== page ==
Local Economy

Preservation & Local Economy

Older buildings provide an ideal environment for small businesses to thrive –offering the flexible space needed by entrepreneurs with new ideas as well as the affordable space required to sustain legacy businesses and diverse business ownership. Retaining older, smaller buildings along historic commercial corridors is a smart economic development strategy.

Preservation Green Lab

Learn more about the Preservation Green Lab and the work of the National Trust on the issue of Sustainability. 


Older, Smaller, Better

All across America, blocks of older, smaller buildings are quietly contributing to robust local economies and distinctive livable communities. This groundbreaking study demonstrates the unique and valuable role that older, smaller buildings play in the development of sustainable cities.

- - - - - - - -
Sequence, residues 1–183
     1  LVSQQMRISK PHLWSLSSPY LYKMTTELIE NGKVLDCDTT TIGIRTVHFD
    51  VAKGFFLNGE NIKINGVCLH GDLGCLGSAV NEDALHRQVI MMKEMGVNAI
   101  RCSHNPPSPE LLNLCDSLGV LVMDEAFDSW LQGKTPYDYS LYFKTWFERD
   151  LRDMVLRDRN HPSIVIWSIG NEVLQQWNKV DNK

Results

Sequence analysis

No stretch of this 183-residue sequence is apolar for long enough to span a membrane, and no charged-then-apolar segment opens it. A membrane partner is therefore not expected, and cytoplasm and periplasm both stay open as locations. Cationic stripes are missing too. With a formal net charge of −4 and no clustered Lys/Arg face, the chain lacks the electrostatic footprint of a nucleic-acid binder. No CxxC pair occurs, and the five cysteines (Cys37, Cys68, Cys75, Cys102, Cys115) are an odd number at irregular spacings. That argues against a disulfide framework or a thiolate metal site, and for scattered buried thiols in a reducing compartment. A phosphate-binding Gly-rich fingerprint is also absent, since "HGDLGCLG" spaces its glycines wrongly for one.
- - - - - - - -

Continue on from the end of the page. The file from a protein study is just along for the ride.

Beyond Tourism: The Economics of Historic Preservation in Savannah

In a report from the Historic Savannah Foundation, CEO Daniel Carey describes preservation's place in the broader local economy.

Legacy Businesses

In cities across the country preservationists are working to protect legacy businesses - the corner store, bar, or coffee shop. Learn more about work in San Francisco and around the world to protect these spaces of commerce around the world.

preservationURBAN: Mary Rowe


Fundamentals: Preservation & Economics

Learn more about why preservation and economics go hand in hand, along with the latest research on the economic benefits of historic preservation.


America Saves!

Supported by the U.S. Department of Energy, the Preservation Green Lab of the National Trust for Historic Preservation is currently working with a national team of experts to test a program for pinpointing long-term energy cost savings in existing buildings


Main Street American

Over the past 35 years, Main Street America has led the development of a national network of over 2,000 historic downtowns and neighborhood commercial districts. The people who make up Main Street America are passionate advocates, dedicated volunteers, influential stakeholders, and community organizers who work every day to turn the tide in their communities—catalyzing reinvestment, creating jobs, and fostering pride of place.

Four Point Approach Refresh